“We often have [patients] come out of their rooms when they know we’re coming,” DeHoff said. “We go and generate energy – you would be surprised at how many memories come to the forefront. They owned a horse, or their daughter wanted one or their neighbor had one. They’re talking to each other, engaged, socializing, smiling, laughing, out of their rooms. Almost everyone wants to pet them.”
Some assisted living patients even “walk” the minis when they’re mobile and their caretakers are present to monitor them.
“The oldest veteran we’ve worked with – he was 100 years old and very sharp, I wouldn’t have guessed his age – he got up and walked with them. The minis can work with the veterans in a multitude of locations, and, when they aren’t working with the minis, they can take part in therapeutic riding, occupational therapy or equine-assisted learning.”
Veterans, including several who served in Vietnam, also lend a helping hand at the center by volunteering.
“They are a real treat – wonderful – and they are dedicated to service,” DeHoff said.
It was the center’s commitment to helping veterans that attracted the attention of the HomeServe Cares Foundation, which made a monetary donation to the center through its Caring for Veterans program. The center depends on fundraisers and grant programs to keep the barn doors open and enjoys a great deal of support from the local community.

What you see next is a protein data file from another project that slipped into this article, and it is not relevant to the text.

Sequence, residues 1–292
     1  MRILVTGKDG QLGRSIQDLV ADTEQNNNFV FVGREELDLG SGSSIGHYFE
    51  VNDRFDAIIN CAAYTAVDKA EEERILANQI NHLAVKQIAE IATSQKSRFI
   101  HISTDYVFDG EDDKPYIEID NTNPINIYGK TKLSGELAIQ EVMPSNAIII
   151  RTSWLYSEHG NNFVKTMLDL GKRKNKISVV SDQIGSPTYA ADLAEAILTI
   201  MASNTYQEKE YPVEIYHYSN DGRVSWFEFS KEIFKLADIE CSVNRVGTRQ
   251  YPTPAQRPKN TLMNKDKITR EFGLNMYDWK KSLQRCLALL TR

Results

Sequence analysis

“On your [IRS form] 990, you should be able to show 33.3 percent [financial] general community support and ours sits at 78 percent,” DeHoff said. “We’re very proud of that. It requires a strong sense of integrity and listening to feedback. We strive and work for that and don’t take it for granted.”
DeHoff was especially grateful for the support because opening the center was a reinvention of herself after moving from Philadelphia to rural Ohio. With a background in social work and a professional career as a horsewoman behind her, it seemed like a natural fit – so much so that she had been frequently encouraged to go into equine therapy. However, she took it slowly.
“People were saying, ‘Would you consider this?’ and I had no idea, I didn’t know anything about it. But it kept crossing my path, so I checked into it.”
She spent a year researching equine therapy, visiting other facilities offering it and learning what licenses it would require.
“I wanted to do it by the letter,” she said. “I wanted to follow best practices, not have a backyard-type situation.” Now nationally recognized for best practices in equine-assisted therapies, Serenity enjoys a solid reputation and has mentored others in the process in the U.S., Africa, Germany and the Netherlands with professionals traveling to the little farm in Luckey, Ohio.
In addition to their current work, the center plans to open therapeutic riding to children of veterans and active duty military. About their work, DeHoff noted that therapeutic riding allows individual interaction.
“It is better one on one, because you have a personal connection,” she said.
Serenity Farm will be taking part in Giving Tuesday on Dec. 3. Consider Serenity as your charity choice and help them to help others. www.serenityfarm.org